By 11:00, local ABC affiliate station WJLA had a helicopter on scene to provide an aerial view of the situation. Most of the emergency vehicles were positioned behind the HT and BE buildings near the construction site.

Parking lots on campus had mostly cleared out by 11:15; there were police cars still positioned at the various street entrances to campus. By 11:45, the firefighters were climbing back into their trucks and preparing to leave.     

By noon, the pipe had been capped and the gas leak had been stopped, said MCFRS spokesman Pete Piringer. It is now safe for people to retrieve their cars from campus, but the buildings remain closed. Since the gas was disconnected, they were without heat. He believes it is likely the ongoing construction on campus caused the gas leak — one of the machines may have hit the gas line while digging, breaking it.

Initially, they thought a 3-inch pipe had broken, but later realized it was a 4-inch high-pressure pipe. The gas company, Washington Gas, had to come and stop the leak, then restore gas supply to the six buildings that had lost it due to the leak.

Piringer estimated that 50 to 60 people with MCFRS were on scene and 800 to 1,000 people were evacuated, most as a precautionary measure. 20271 Goldenrod Lane (the PK building) was also evacuated. To evacuate the children in the Center for Early Education building, MCFRS provided an ambulance for them to shelter in, and parents were allowed to pick up their children from the campus.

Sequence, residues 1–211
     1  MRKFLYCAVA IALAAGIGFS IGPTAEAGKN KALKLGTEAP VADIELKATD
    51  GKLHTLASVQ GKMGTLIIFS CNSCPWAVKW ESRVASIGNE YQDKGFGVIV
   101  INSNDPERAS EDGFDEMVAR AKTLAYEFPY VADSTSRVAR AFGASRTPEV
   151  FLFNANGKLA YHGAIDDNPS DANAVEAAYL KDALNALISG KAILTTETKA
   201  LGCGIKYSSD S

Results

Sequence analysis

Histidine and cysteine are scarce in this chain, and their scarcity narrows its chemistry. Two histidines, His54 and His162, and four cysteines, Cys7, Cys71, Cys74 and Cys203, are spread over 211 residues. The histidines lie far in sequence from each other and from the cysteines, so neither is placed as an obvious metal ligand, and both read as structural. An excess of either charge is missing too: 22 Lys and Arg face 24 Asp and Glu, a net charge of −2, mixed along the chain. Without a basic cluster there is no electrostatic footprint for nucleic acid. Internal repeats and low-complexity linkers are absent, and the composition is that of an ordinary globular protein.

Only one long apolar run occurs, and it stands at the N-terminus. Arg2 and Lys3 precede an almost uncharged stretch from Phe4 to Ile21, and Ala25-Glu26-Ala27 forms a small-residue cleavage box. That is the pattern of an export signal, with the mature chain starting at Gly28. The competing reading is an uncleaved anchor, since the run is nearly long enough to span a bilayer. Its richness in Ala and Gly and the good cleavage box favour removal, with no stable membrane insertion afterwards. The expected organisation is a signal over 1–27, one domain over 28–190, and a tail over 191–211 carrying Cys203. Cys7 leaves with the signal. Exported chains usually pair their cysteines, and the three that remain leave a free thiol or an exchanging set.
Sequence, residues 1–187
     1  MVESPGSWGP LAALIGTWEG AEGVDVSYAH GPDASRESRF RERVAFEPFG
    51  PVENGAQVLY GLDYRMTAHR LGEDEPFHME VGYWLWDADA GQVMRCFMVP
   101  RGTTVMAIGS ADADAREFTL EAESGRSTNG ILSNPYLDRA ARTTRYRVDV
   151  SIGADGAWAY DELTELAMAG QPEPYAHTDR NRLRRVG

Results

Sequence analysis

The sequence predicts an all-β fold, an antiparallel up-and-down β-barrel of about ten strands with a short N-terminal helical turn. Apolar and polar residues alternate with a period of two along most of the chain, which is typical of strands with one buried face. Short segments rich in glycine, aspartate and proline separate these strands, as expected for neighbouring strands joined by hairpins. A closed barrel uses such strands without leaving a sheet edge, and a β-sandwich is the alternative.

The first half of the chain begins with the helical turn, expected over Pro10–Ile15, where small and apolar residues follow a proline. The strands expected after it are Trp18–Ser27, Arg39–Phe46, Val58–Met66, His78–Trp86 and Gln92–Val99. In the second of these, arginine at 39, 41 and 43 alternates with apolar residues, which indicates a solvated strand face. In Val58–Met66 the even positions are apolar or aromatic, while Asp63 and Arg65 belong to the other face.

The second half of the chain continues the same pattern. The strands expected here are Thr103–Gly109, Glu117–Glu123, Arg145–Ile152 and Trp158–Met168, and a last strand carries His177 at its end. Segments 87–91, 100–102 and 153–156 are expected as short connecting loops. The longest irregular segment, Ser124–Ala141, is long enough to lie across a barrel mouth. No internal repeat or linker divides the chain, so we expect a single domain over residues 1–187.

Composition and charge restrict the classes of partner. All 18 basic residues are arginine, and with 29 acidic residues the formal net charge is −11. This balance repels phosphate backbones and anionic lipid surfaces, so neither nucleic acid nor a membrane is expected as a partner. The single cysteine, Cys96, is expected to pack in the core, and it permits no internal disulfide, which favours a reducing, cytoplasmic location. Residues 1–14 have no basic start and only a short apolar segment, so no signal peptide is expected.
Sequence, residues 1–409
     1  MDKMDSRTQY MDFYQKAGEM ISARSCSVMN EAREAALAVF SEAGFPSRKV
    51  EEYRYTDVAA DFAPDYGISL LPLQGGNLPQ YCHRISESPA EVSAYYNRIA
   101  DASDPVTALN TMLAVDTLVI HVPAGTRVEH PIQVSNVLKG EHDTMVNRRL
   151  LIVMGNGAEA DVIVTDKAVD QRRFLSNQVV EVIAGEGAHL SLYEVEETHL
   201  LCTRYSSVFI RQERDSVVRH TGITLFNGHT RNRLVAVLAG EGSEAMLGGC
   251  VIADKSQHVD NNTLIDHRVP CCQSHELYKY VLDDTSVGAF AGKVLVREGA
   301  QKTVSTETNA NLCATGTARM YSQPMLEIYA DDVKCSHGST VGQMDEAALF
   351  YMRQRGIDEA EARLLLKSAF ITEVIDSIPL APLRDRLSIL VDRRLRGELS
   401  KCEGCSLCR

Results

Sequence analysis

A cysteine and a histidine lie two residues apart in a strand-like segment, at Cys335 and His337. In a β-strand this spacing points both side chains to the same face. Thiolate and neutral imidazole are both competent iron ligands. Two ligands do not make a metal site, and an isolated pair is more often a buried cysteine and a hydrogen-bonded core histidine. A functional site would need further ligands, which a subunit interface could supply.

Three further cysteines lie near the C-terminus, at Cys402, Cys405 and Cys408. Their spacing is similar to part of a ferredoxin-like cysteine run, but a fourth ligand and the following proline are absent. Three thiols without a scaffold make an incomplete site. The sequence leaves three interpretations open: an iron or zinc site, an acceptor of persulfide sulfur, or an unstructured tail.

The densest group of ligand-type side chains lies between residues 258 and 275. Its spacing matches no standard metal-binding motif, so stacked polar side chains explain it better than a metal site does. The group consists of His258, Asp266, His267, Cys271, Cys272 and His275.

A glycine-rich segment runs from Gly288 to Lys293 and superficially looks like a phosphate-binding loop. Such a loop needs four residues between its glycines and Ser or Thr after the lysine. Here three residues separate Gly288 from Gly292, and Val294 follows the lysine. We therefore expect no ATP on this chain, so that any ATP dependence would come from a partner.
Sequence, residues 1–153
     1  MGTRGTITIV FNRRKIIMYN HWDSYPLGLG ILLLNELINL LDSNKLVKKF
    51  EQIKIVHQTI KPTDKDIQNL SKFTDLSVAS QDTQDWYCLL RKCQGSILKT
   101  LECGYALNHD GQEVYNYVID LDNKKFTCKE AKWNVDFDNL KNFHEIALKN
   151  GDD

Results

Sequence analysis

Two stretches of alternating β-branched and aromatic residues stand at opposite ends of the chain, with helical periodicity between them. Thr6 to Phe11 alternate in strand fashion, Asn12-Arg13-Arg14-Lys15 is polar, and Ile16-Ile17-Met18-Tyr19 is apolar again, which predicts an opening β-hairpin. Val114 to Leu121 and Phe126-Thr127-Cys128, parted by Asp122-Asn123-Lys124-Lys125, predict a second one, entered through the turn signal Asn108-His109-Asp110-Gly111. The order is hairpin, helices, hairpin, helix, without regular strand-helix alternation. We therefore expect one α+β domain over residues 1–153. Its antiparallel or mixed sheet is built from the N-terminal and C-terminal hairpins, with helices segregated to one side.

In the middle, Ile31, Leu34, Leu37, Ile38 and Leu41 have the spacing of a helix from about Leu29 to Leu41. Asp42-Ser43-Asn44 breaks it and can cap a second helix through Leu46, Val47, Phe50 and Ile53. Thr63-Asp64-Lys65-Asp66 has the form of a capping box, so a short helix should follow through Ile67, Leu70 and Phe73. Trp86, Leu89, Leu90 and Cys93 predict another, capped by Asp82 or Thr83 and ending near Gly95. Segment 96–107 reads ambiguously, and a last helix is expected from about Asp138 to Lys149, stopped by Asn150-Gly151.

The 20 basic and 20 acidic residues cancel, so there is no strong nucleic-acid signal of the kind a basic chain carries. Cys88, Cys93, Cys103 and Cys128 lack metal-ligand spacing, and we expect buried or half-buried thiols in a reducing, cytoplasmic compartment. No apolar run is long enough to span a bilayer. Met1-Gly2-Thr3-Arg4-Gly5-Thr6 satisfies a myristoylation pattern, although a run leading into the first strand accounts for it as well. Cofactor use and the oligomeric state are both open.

Slightly after noon, Golden and one of his students had approached the Wegmans grocery store on Seneca Meadows Parkway. They had walked about a mile down Observation Drive from Burger King since they hadn’t received any additional information about the situation.

Montgomery College released a notice earlier in the morning about a power outage in the Humanities building on the Rockville campus, but it was not until nearly 30 minutes after the evacuation began that there was an official message from the college about the situation.

The campus remains closed until 5 p.m., according to an official alert received this afternoon from Montgomery College. Any classes taking place after that time will be held (unless professors decide otherwise), but administrative services will not resume today. The gas leak did not cause any injuries or fires.

About The Globe (124 Articles)
We are the student newspaper for Montgomery College, Germantown Campus.

1 Comment on Gas Leak Closes Down Campus

  1. Marcus Rosano // December 4, 2017 at 4:39 pm // Reply

    Hi Rachel, I find it surprising that you did not reach out to me today, the PR director at MC, or any of my colleagues in the communications office. I am readily available. In fact, I fielded quite a few calls from media professionals today.

    Marcus Rosano
    Director of Media and Public Relations
    Montgomery College